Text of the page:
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Speaking out Mother and baby home survivor fights to be the voice for brother buried in mass grave

Paul Vincent O'Hanlon died after a few short months in one of Northern Ireland's notorious homes and lies in a mass grave in Belfast

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Fionnuala Boyle at the grave of her brother Paul

Fionnuala Boyle at the grave of her brother Paul

Fionnuala Boyle at the grave of her brother Paul

Mother and baby home survivor Fionnuala Boyle wants to be the voice of her brother.

Paul Vincent O'Hanlon died after a few short months in one of Northern Ireland's notorious homes and lies in a mass grave in Belfast with more than 30 other remains.

Fionnuala was taken from her mother after a week and adopted at four months, which gave her a happy life and potentially saved her life.

Now the 46-year-old from Galbally, Co Tyrone, hopes that by sharing her story and her anger she can encourage other survivors to speak out.

In January an official report into the Magdalene Laundries as well as mother and baby homes run by the Catholic Church, Salvation Army and Protestant institutions found that 10,500 pregnant and desperate women had been through their doors between 1922 and 1990. The report states the real number is probably higher because of incomplete records.

The Marianville home in Belfast only closed three decades ago and 21 women gave birth there in its final year.

Survivors told the report's authors of an atmosphere of shame and cruelty which was passed on in the poor treatment or neglect of their children. The death rate among children in St Joseph's in Belfast up until the 1950s was described as 'alarmingly high' and at one stage reached 50 per cent. Paul O'Hanlon spent most of his short life there and died in Belfast City Hospital at seven months old in 1972.

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Fionnuala with the report

Fionnuala with the report

Fionnuala with the report

Fionnuala, a mental health project worker and writer, was part of the group that looked at the report and then formed a team with specialists to decide on the next steps for survivors.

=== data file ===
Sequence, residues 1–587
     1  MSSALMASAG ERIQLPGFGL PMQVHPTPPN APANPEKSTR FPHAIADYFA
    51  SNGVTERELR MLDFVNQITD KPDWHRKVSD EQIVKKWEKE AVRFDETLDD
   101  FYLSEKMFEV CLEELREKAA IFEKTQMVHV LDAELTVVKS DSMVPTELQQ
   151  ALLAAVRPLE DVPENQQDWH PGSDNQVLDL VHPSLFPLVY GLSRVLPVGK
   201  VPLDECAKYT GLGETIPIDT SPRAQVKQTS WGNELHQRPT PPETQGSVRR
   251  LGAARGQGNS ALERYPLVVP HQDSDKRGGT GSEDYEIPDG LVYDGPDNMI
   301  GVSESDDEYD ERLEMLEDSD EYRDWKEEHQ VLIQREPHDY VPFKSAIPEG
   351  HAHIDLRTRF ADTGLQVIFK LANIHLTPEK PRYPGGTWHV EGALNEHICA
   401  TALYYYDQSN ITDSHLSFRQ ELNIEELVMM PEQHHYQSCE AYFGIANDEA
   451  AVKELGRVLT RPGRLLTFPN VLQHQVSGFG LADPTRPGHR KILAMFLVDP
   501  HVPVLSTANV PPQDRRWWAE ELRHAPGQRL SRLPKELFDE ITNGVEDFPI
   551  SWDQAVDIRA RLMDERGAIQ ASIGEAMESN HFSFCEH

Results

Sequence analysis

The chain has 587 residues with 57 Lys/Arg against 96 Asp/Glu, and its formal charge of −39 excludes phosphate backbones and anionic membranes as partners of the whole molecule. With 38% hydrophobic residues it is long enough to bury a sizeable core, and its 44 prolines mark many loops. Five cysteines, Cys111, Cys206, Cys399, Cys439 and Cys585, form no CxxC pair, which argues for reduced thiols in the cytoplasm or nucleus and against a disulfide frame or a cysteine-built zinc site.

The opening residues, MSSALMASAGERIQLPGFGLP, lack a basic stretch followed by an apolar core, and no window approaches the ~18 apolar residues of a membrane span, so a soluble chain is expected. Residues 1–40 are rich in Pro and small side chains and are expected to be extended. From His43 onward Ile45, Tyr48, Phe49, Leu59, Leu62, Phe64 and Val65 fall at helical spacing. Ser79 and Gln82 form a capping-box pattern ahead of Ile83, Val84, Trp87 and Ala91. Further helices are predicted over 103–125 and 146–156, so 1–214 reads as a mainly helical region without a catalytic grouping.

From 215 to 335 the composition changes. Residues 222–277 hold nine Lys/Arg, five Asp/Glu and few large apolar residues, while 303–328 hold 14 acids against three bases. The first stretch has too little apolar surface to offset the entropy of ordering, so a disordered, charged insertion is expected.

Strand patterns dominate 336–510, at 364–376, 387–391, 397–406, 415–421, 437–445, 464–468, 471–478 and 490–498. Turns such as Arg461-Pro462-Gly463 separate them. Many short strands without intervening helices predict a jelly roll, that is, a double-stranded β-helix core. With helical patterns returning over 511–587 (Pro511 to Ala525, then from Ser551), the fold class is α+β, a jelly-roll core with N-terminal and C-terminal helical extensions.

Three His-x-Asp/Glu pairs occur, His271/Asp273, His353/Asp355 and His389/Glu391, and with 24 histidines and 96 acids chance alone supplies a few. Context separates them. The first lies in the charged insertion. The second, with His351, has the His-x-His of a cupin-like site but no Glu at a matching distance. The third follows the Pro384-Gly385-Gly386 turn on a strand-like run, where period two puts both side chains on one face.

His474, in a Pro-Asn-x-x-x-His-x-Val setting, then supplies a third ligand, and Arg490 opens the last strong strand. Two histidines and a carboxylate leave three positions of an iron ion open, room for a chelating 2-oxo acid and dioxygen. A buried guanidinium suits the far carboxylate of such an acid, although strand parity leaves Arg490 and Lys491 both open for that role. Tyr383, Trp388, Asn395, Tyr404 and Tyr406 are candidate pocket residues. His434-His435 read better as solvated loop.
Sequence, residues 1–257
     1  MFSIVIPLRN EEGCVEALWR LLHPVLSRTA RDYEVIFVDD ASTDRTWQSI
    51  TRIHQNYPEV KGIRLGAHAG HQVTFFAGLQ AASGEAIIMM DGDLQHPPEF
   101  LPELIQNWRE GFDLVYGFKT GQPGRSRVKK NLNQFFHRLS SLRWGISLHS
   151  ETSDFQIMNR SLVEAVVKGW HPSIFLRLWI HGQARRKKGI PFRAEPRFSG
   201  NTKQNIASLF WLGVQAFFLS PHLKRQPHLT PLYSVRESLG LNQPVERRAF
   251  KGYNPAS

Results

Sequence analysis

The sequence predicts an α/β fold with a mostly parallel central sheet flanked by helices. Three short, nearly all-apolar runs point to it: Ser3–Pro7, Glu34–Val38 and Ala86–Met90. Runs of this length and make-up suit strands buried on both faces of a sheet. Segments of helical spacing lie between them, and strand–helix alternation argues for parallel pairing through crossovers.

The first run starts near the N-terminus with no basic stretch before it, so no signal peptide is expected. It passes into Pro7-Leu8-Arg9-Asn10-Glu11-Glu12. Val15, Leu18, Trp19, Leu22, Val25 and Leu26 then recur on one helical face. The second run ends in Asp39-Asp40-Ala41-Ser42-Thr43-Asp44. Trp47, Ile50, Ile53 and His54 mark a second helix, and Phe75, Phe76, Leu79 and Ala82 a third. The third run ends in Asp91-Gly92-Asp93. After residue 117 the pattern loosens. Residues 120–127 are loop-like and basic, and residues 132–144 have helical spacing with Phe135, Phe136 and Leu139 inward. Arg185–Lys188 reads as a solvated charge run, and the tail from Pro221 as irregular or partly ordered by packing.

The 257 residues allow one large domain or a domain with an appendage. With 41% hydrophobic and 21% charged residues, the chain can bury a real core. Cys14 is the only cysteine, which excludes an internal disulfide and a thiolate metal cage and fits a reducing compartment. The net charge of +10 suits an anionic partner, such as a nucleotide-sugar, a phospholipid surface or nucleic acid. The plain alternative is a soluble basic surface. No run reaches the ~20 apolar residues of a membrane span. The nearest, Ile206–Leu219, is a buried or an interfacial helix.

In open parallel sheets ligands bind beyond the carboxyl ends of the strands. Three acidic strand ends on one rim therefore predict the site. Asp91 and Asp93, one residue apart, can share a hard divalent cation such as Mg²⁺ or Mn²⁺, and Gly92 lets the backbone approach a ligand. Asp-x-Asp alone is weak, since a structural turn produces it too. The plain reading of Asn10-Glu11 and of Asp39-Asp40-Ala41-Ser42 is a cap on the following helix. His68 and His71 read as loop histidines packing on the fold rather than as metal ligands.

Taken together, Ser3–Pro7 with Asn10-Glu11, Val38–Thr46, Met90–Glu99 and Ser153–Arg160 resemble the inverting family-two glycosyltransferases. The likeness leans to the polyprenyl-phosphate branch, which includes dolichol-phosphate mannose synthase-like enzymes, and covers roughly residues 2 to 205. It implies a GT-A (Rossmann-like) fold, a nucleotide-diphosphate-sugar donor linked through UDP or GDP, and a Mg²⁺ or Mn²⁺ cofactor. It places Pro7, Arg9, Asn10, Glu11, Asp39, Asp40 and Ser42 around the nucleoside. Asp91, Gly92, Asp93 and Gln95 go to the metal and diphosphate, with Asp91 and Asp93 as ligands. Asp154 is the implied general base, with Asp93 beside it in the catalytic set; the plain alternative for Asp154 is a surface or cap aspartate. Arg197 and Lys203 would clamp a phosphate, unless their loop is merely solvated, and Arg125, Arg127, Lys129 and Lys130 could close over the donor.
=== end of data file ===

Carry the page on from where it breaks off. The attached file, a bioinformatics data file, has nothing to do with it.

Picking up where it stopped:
Speaking in a personal capacity, she gave a deeply moving presentation to Mid Ulster District Council last month. As a result of her testimony it has agreed to ask all the councils in Northern Ireland to help survivors.

"I speak for myself and my birth mother and for Paul," says Fionnuala.

"That's my brother and he was just discarded like he didn't mean anything at all.

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"My birth mother died without me ever meeting her, in 2015. I will be my birth mother's voice because I'm part of her and she is not here any more and she never got the opportunity to speak.

"I want to encourage other people to come forward."

The mum of four knew from the start that she'd been adopted and says she was blessed with loving parents who told her the truth about herself and Paul.

"I always knew I was adopted at 15 weeks old. They were always honest with me.

"My adoptive parents knew I was the second child, but it wasn't until I was an adult that I learned his name and then started trying to find him."

That process was protracted and often painful.

When Fionnuala went to the General Register Office hoping to find her older brother she was left in shock - that was how she found out Paul was dead.

"I was handed his birth certificate and his death certificate. It took the breath from me.

"When you're an only child the thought of having siblings was like all my dreams come true.

"Then to discover that he was in St Joseph's and he had died, and he had been put in a mass grave. I was reeling."

It took countless phone calls to find out Paul's cause of death, bronchial pneumonia. Fionnuala then asked for help from a local archaeologist to find his burial plot in Milltown Cemetery in Belfast, after the painful discovery that he was in a mass grave in the Bog Meadows.

"I would get so far and be pushed back. It was trauma after trauma."

As a baptised child Paul had a right to lie in consecrated ground, in a proper grave.

Fionnuala has now been able to give him the dignity in death he was never given by his carers, the Good Shepherd Sisters.

She placed a cross on his grave and plans to put a headstone on it this year to mark his 50th birthday.

"That's my flesh and blood and he was just discarded. The only reason was that someone somewhere thought an illegitimate child deserved to be treated that way.

"When I knew where he was, I could go down and I could lay flowers and mark the fact that he had been here.

"I was more at peace finally, and I had a wee bit of concrete information."

Fionnuala would like to know more about how Paul lived and died and says survivors need official support to access information about their family members.

"There has been cover-up after cover-up. I hope councils will help people, and the more who speak out the more confidence we'll have.

"This is no longer their shame to carry," says Fionnuala.

Anyone who was held, placed or born in one of Northern Ireland's Mother and Baby homes or Magdalene Laundries can contact the independent team at www.truthrecoverystrategy.com, email truthrecovery@nigov.net or call 03000 200789.

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